The Michigan Minds Podcast
Michigan Minds brings to life the breadth and depth of faculty expertise at the University of Michigan. This series features quick yet informative analysis that provides unique perspectives on today’s top issues.
U-M faculty are among the world’s leading researchers and teachers across all disciplines. Michigan Minds taps that thought leadership and shares this expertise with the world.
Listen and enjoy!
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Michigan Minds: U-M history professor on US Iranian relations
Recent events have brought up many questions about the relations between Iran and the United States. Juan Cole, PhD, Richard P. Mitchell Collegiate Professor of History at the University of Michigan College of Literature, Science, and the Arts, studies the history and ongoing politics in the Middle East. In this episode of Michigan Minds, Cole explains the relationship between the US and Iran over the past few decades and the possible implications of the current turmoil.
Global Climate and Human Health
From hurricanes and rising sea levels to Zika outbreaks and migration health, researchers at U-M are looking at the impact global climate has on human health. In this episode of Michigan Minds, John Meeker, ScD, CIH, senior associate dean for research and professor of environmental health and global public health at the School of Public Health, shares examples of what he has discovered through his research.
Religious Involvement and Cognitive Health
People over 50 who attend religious services and pray may notice better memory performance, a new study led by U-M psychology doctoral candidate Zarina Kraal found. In this episode of Michigan Minds, Kraal discusses the study’s findings that frequent religious services and private prayers were linked to stronger cognitive health.
One Minute for Your Mind
While mental health is discussed more in the media today, there is still stigma around it — particularly in the black community. In this episode of Michigan Minds, University of Michigan assistant professor Riana Elyse Anderson, PhD, discusses how a video series is helping to reduce that stigma.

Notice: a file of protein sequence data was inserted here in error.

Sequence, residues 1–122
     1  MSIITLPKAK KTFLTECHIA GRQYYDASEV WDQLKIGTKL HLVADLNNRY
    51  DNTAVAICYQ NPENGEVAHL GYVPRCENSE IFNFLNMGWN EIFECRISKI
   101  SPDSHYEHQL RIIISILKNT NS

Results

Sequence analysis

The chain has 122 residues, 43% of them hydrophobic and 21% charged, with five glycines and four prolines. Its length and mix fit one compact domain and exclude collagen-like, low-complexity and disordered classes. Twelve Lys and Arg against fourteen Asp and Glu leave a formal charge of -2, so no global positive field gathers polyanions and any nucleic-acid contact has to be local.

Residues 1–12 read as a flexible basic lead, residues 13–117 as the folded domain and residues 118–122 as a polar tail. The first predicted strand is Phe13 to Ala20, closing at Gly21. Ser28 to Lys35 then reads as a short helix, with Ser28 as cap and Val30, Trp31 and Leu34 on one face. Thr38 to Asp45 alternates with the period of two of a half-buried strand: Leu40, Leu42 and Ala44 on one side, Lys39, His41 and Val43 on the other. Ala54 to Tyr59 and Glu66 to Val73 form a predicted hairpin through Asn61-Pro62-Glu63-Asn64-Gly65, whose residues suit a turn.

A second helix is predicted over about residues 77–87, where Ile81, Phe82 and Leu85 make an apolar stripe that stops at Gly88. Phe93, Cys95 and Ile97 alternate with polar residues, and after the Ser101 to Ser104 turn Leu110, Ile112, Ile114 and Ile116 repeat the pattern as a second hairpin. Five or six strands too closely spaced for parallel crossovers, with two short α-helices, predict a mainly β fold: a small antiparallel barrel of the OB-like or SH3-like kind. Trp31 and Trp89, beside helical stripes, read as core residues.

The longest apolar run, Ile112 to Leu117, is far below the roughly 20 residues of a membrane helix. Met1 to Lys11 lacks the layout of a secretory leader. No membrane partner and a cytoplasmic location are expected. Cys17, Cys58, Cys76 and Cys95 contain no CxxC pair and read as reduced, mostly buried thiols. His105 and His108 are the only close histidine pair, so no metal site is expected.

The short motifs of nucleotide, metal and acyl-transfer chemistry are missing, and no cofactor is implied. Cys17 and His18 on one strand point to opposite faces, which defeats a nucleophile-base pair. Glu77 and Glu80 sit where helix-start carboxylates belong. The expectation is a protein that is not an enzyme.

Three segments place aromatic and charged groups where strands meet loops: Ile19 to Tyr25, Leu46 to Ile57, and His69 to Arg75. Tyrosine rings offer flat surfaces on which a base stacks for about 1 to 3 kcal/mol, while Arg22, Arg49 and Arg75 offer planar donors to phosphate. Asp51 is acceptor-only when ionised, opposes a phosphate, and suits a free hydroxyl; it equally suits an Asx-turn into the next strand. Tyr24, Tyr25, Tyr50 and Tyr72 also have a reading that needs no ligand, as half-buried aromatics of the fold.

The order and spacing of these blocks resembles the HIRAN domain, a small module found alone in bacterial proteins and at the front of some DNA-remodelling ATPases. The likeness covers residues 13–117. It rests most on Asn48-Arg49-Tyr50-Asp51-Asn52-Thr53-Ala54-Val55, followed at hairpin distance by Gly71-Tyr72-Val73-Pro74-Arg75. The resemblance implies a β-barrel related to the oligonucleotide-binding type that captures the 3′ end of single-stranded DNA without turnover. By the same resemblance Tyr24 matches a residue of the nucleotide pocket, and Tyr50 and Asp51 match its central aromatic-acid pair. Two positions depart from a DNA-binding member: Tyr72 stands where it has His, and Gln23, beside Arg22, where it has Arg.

Apple/U-M Hearing Study to Focus on Sound Exposure in Daily Life
Until recently, measuring noise exposure has been cumbersome, and impact of personal exposures to music on hearing health, for example, have been largely ignored in research studies, says University of Michigan researcher Rick Neitzel, who recently partnered with Apple to develop a study that will use a person’s iPhone and Apple Watch to measure levels of sound exposure.
Asian Carp in the Great Lakes
Asian carp are capable of surviving and growing in much larger portions of Lake Michigan than scientists previously believed and present a high risk of becoming established, according to a new modeling study from University of Michigan researchers and their colleagues.
Privacy and Cyber Security
Amazon announced a feature that will allow Alexa owners to use a simple voice command to ask the smart speaker to “delete what I just said” on all recordings made that day. Florian Schaub has conducted extensive research highlighting privacy concerns with the popular devices and has called for this kind of feature to better integrate privacy controls into how people use smart speakers—with their voice.
A New Approach to Improving Firearms Safety
Auto accidents and firearms are the leading causes of death for children and adolescents in the United States. But while the auto accidents number has largely trended down, thanks to research and safety measures, the same cannot be said for firearms deaths. In this episode, University of Michigan researchers Rebecca Cunningham and Marc Zimmerman talk about a new, national research effort underway, based at U-M, that takes an injury prevention approach to decreasing firearms deaths among children and teens.
Road Scholars tour connects U-M faculty with Michigan communities
The Michigan Road Scholars tour is an annual week-long bus trip that connects University of Michigan faculty with people and communities throughout the state. In this episode, professors Bethany Hughes and Pamela Jagger talk about what they hope to learn from the tour, and how they think it could add to their teaching and research.
Building Public Engagement into the DNA of the new University of Michigan Museum of Natural History
There’s more than just new displays on tap for visitors when the University of Michigan Museum of Natural History reopens April 14. The public will find many more ways to engage directly with scientists, researchers, and students. They’ll also discover opportunities to do their own investigations. In this episode, museum director Amy Harris and museum education director Kira Berman explain how public engagement is built into the core of the new museum.